In any case, the procedure must be transformed into a normal lawsuit if the debtor fails to pay or brings a defence. When the debtor company has assets in other EU Member States, a European Payment Order procedure facilitating the recovery of undisputed debts (under Regulation EC No 1896/2006) may furthermore be triggered. In this case, the demanding party may request a domestic court to issue an Order to Pay which will then be enforceable in all European Union countries (except Denmark) without exequatur proceedings.

Ordinary legal action (juicio ordinario) would usually commence when amicable collection has failed. Legal dunning would often start with a registered Demand Letter which has no legal value apart from recalling the debtor of their obligation to pay the principal together with late payment interest (as contractually agreed or taking a legal rate as a reference) within ten days. The debtor can then make a proposal for a possible instalment agreement. Otherwise, the creditor would file a claim (in excess of EUR 6,000) with the District Court and serve the debtor with Summons. The debtor is then given 20 days to file a defence, the parties exchange arguments, and a preliminary hearing is organized by the court prior to rendering a decision.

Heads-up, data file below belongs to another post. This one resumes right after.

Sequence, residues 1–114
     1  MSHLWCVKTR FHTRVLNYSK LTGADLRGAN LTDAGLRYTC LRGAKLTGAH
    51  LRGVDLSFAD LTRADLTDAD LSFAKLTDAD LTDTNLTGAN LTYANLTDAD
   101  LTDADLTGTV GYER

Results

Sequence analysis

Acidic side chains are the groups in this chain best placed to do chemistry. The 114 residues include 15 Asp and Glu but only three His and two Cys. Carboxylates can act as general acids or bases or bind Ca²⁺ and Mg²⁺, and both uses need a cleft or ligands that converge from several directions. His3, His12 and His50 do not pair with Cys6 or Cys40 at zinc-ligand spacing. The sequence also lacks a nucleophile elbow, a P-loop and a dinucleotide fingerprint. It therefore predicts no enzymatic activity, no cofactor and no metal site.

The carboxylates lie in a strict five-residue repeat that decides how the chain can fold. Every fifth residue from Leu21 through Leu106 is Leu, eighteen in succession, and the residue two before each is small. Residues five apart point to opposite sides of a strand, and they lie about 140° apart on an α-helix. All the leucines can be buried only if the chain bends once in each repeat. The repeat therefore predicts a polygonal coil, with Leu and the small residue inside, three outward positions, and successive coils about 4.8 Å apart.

The courts would typically award remedies as required by the parties at the start of the proceedings, in the form of compensatory damages, injunctions, specific performance, etc. Punitive damages are not available, however.

•    Invoices
•    Checks
•    Delivery notes (whenever the delivery note is not signed by the debtor, a certificate from the transport company is required)
•    Actualized statement of account
•    Promissory notes
•    Credit notes